Wednesday, December 2, 2009

The Big 6: Your guide to research!

Fifth grade students recently learned more about the Big 6 approach to research by doing an exercise in library class. They had already reviewed this technique in class with Ms. Russell, and by finding a way to apply it to information needs that come up in daily life they became more comfortable with actually using it.

Fifth graders came up with a variety of creative personal information needs such as finding out how to improve their playing in a particular sport, investigating their family's history, and learning more about an upcoming vacation spot.

People's information seeking behavior is a major area of study in the field of information science (i.e. library schools)! In this information age we are generally bombarded with too much information rather than too little and this can become overwhelming. A simple tool such as the Big 6 can help make looking for information - whether for school, work or personal use - a lot more manageable regardless of your age.

For children in grades K-2, there is the Super 3. The steps are:

1. Plan
2. Do
3. Review

Visit the website for more details!

For older students, there are two sites, both linked to the main kids' page, one for grades 3-6, and one for grades 7-12. The six steps are the same for both age groups, but the explanations and examples are given in more complexity for older students.

Virtually all information needs - from deciding which washing machine to buy to writing a report about the life of Jefferson Davis to choosing the perfect breed of dog for your family - can be broken down into manageable steps using the Big 6.

Many people procrastinate because the task facing them seems so large as to be daunting! If you notice this behavior in your child, you can help him or her by first taking a few minutes to break down the task into the following six steps:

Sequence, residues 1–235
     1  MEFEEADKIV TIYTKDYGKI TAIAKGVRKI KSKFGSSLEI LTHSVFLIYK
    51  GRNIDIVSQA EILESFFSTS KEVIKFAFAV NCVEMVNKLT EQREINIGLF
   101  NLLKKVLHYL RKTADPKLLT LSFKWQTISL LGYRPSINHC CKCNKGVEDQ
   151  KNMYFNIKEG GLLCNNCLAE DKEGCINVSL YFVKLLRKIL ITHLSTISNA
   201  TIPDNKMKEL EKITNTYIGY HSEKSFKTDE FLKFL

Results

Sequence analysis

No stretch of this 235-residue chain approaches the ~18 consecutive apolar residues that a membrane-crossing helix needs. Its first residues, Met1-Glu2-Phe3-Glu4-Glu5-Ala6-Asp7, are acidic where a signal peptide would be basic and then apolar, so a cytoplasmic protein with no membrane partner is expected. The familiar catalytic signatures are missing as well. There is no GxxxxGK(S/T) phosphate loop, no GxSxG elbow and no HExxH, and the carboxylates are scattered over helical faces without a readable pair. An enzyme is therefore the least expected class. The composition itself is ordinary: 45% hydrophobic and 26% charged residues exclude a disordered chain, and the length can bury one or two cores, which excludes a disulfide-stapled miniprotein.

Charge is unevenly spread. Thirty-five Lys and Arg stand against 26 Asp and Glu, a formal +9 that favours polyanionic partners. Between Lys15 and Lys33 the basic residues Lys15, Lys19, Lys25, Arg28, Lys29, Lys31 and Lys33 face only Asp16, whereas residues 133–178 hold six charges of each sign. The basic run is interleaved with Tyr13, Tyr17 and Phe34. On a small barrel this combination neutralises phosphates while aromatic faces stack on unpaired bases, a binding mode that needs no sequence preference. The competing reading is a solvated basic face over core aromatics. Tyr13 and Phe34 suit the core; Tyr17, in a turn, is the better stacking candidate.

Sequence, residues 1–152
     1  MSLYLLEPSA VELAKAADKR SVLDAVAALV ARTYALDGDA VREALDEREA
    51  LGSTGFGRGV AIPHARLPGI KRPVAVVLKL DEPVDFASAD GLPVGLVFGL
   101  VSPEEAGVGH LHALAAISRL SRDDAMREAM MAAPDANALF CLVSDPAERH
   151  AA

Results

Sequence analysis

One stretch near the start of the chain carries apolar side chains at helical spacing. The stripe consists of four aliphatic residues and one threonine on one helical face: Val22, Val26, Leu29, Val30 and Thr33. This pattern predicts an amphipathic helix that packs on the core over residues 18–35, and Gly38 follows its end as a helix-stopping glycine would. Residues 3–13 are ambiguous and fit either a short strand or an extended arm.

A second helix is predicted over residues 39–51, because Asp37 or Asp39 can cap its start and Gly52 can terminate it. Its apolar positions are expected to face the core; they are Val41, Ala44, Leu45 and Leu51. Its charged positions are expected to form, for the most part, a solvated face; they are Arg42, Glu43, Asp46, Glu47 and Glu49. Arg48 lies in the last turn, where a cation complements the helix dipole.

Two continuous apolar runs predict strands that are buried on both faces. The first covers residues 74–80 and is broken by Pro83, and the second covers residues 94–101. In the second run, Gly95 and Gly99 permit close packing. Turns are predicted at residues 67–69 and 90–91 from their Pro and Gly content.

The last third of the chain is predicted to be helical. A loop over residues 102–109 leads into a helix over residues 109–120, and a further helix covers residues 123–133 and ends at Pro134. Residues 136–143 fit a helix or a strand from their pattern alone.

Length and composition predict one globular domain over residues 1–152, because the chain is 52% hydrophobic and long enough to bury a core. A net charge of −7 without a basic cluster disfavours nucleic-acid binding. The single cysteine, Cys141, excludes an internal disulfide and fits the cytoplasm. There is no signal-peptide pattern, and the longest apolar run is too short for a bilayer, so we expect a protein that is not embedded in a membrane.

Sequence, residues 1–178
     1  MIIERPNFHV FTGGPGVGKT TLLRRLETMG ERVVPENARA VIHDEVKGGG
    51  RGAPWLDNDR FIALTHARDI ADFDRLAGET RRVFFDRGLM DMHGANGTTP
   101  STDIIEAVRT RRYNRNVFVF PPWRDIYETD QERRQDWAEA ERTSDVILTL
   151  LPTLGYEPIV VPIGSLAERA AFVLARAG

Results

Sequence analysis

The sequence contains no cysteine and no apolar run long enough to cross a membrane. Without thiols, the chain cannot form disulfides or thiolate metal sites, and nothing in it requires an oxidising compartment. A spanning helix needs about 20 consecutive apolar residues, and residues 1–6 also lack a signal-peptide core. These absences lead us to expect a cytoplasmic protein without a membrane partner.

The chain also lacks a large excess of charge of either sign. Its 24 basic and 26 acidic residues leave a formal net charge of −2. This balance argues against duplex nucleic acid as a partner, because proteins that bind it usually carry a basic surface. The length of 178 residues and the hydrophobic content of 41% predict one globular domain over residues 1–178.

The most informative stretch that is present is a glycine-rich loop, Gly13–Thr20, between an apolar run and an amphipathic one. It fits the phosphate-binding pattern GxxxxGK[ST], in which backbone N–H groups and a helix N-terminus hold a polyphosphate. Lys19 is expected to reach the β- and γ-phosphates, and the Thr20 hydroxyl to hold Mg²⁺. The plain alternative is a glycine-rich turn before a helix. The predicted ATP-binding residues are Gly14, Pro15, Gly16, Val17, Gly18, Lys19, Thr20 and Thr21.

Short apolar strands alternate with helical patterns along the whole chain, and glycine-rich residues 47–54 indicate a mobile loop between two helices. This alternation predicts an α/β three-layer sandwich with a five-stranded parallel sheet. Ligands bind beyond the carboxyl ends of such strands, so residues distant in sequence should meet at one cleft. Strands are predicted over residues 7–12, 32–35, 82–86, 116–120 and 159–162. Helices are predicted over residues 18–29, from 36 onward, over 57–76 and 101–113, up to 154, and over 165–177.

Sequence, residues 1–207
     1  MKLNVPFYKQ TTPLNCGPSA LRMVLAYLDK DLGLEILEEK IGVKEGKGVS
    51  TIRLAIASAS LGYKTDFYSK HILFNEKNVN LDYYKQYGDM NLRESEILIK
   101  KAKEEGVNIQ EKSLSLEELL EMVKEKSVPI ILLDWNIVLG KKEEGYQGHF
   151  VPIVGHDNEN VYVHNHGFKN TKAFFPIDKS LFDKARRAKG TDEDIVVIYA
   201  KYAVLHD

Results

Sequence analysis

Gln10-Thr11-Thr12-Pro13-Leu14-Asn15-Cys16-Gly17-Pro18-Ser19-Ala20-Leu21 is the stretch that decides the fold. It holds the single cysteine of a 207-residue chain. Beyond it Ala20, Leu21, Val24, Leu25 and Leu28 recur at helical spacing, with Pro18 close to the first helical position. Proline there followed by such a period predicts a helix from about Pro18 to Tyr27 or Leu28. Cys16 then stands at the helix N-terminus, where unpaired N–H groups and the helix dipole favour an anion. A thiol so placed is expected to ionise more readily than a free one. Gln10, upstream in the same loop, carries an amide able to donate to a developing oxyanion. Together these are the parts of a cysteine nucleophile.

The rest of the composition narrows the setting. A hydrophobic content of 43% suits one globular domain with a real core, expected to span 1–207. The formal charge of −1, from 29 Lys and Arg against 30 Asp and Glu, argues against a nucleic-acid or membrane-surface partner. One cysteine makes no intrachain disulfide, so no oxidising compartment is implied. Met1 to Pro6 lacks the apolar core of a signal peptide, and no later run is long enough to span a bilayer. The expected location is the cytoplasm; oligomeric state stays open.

#1 Task Definition: What needs to be done? (Being crystal clear about what you need to do is crucial before you get started! This will help keep you on track.)

#2 Information Seeking Strategies: What resources can I use? (Think creatively! Resources go well beyond books and the Internet to encompass people, organizations, periodicals, etc.)

#3 Location & Access: Where can I find these resources? (The library may have the perfect book for your project but unless you place a hold on it right away you may not get it in time. Or Aunt Mildred might be an expert in the area you need advice in, but you'd better call before she leaves on her 6 month trek around Nepal!)

#4 Use of Information: What can I use from these resources? (This is an area where many people get distracted by interesting but irrelevant information. Remember step #1? If what you read or hear doesn't apply to what you need to do, disregard it for now. Stay focused - and you can always go back later and follow up on that fascinating tangent.)

#5 Synthesis: What can I make to finish the job? (In the case of a school assignment or work project this may be determined by someone else. If it is a personal information need, you can define it for yourself: how about a list of characteristics your new digital camera should have? Or a cookbook of your family's favorite recipes to give as holiday gifts?)

#6 Evaluation: How will I know I did my job well? (Was that llama the perfect choice of family pet? Were you satisfied with your playing at the last chess tournament? Did everyone ask for second helpings of that new casserole you tried? This is an area where you can decide for yourself what the criteria for a job well done will be.)

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